In Logic Pro, the left track (guitar) has an amp sim insert effect and the bus in the middle includes reverb, while the output (right) has a limiter instantiated.
There are so many options with DAWs when running effects. When should I insert an effect in an individual track, and when would it work better as an FX channel (bus)? I''ve also read that it''s not a good idea to run effects on the master (out) channel. Is this true, and why?
Effects use CPU power, so if, for example, you want reverb on several tracks, you can put a single, CPU-hungry convolution reverb in a bus and send varying amounts of signal from each channel to it. This also gives a more realistic sound, because all of the sounds feel like they''re in the same “room.” Tempo-synced delay is another common bus effect, and some people even use distortion for dialing in a little “grit” on multiple channels. On the other hand, you''d likely use an amp sim or tremolo on an individual track and not other tracks, making them candidates for insert effects.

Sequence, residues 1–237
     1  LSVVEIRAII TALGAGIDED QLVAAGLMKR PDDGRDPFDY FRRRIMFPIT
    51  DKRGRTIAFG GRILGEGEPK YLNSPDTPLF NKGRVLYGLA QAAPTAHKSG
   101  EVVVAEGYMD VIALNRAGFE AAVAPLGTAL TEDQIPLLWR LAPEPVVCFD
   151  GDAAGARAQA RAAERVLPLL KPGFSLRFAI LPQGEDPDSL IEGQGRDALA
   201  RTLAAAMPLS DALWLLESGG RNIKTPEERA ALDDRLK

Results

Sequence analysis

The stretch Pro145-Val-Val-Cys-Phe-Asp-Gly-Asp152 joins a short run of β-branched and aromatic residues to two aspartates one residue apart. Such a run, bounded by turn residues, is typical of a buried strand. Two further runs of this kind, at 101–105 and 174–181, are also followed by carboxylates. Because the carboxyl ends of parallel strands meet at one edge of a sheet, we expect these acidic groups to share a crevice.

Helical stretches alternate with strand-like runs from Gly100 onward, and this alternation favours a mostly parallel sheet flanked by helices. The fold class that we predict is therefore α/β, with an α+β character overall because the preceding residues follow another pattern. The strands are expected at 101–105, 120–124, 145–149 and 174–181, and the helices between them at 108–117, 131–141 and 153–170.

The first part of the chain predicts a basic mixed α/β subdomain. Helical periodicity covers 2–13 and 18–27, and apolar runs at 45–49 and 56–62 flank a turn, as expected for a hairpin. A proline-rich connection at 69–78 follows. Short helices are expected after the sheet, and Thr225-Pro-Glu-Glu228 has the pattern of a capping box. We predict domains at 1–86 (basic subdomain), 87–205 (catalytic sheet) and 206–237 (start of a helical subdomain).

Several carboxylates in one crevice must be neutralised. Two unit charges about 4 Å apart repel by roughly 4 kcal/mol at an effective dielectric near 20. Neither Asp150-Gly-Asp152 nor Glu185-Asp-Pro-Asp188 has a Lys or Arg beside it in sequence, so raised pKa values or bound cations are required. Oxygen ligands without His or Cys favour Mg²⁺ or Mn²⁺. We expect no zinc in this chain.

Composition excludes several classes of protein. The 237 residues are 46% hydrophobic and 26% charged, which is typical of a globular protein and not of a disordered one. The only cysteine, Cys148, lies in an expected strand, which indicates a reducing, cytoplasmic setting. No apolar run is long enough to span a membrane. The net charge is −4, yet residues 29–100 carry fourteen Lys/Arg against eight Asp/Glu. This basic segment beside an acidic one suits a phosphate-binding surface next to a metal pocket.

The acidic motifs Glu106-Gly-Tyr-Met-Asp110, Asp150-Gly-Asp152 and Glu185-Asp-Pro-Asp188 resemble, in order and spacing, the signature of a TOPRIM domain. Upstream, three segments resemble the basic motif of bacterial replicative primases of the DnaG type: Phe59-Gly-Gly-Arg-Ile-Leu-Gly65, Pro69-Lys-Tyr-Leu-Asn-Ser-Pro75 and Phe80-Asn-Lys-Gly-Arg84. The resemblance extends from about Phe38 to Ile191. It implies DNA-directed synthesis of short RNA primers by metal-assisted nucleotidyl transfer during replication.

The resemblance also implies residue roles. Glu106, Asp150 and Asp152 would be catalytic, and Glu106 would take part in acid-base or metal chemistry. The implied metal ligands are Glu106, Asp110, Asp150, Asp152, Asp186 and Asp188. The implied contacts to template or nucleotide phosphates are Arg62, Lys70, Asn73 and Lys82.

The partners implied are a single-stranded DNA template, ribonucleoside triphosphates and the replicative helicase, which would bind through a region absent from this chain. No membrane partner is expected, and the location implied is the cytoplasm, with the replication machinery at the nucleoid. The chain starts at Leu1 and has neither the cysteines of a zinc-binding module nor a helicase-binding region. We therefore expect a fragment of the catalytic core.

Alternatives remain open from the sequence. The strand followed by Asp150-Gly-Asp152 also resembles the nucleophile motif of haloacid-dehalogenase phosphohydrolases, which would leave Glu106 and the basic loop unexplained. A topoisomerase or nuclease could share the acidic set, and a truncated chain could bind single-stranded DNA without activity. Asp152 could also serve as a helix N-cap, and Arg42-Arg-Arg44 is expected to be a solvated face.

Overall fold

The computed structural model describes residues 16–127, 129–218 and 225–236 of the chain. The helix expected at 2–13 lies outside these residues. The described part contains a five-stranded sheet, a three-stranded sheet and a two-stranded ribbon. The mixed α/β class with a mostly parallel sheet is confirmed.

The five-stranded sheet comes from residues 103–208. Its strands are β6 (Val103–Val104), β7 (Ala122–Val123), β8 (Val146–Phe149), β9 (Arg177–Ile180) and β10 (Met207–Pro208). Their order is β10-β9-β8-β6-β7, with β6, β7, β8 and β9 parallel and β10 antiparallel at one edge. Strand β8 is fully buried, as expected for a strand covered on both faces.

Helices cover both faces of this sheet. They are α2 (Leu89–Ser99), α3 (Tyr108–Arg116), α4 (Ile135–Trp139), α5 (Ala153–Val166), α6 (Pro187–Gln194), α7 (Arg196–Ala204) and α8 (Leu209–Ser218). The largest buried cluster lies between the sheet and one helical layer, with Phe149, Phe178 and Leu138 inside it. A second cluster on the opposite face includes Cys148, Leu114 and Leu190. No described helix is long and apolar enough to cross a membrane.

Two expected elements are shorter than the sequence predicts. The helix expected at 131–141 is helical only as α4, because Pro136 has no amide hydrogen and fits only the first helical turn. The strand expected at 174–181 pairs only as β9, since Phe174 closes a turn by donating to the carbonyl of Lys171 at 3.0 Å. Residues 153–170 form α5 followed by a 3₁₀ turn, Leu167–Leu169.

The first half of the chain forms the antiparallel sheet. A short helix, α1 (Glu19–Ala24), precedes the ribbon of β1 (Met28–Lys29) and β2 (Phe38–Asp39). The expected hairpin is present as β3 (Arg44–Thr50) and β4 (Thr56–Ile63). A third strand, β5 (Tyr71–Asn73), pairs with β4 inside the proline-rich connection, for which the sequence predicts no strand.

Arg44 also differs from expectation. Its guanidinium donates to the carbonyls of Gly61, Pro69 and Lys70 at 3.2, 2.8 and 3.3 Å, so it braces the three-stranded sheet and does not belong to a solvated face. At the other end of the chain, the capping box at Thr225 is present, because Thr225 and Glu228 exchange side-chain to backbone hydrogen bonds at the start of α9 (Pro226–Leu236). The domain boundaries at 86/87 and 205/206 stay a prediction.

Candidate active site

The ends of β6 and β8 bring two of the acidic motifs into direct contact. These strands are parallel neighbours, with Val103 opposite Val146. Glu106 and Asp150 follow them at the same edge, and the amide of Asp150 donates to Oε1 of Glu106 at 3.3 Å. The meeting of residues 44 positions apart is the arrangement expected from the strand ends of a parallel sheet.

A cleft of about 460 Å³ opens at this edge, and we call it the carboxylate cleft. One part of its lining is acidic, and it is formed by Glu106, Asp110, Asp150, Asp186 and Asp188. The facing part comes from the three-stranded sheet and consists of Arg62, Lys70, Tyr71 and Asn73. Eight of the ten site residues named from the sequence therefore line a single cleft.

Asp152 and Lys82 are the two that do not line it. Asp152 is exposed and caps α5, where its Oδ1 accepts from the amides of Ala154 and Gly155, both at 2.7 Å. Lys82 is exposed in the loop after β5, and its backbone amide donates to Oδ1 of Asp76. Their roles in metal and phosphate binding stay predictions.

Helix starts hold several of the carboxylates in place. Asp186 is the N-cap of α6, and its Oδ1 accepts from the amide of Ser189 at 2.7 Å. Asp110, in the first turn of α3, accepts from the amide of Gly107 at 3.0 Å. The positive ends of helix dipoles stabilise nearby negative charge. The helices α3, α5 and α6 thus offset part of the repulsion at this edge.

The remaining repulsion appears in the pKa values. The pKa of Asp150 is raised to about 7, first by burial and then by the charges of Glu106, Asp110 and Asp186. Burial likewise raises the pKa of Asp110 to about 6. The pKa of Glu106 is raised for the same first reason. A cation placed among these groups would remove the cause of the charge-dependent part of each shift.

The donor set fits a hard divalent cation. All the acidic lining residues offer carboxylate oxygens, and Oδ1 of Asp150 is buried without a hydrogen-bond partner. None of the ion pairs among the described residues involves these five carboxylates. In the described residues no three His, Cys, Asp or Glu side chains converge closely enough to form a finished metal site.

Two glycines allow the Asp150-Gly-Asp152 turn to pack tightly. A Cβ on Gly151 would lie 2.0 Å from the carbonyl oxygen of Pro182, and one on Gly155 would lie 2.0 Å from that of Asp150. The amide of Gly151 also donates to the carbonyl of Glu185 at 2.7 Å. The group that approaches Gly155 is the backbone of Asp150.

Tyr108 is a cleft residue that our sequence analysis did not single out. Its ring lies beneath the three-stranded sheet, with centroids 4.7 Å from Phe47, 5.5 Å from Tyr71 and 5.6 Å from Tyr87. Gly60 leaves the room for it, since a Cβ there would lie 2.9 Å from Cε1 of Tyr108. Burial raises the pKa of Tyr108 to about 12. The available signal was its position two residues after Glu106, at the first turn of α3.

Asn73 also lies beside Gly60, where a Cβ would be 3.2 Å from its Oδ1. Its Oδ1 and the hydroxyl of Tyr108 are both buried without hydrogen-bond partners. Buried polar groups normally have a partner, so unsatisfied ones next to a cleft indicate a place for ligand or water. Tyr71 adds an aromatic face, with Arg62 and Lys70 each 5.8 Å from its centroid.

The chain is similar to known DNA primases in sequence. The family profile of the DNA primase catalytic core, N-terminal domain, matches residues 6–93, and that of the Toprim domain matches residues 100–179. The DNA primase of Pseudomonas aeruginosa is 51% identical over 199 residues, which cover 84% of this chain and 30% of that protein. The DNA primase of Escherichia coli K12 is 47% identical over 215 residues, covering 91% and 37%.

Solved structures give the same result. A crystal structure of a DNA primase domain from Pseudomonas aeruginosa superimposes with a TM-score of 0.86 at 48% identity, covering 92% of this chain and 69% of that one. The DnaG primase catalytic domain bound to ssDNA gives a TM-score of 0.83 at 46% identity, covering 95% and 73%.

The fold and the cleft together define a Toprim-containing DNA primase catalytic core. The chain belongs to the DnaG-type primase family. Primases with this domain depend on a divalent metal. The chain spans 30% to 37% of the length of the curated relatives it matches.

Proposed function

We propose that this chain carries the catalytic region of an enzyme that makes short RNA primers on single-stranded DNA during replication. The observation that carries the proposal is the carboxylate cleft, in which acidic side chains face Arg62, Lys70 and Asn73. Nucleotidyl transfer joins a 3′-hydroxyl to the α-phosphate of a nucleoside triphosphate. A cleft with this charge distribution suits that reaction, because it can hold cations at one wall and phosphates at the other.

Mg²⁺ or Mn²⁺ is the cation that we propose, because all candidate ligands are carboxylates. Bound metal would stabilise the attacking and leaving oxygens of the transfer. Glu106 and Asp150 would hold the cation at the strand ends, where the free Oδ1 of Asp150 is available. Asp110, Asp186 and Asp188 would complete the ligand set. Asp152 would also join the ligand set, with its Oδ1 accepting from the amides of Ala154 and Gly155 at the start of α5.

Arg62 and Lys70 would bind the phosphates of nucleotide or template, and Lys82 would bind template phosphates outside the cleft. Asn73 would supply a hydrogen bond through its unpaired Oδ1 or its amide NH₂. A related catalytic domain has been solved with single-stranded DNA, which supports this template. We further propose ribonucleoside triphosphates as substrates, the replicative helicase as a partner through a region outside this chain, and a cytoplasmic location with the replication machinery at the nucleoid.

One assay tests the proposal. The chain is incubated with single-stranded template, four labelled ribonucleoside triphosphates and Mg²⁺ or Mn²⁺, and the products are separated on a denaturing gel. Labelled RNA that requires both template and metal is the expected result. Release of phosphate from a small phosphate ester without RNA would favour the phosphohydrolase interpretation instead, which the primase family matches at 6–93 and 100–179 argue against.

As to master effects, the issue is that these effects will be “baked into” your final stereo mix. If you then take the track to a mastering engineer, he or she will be constrained by the effects you added. Suppose you added dynamics to “squash” the sound; you won''t be unable to “unsquash” it, and if you really do want a squashed sound, the mastering engineer probably has better tools that will do the job with more transparency.
One option is to mix with compression, EQ, or whatever in the master bus sounds good to you, and export a stereo mix. Then bypass the effects, and export another mix. This is the one you give to the mastering engineer to master—but also provide the other one and say, “We want it to sound like this . . . only better!”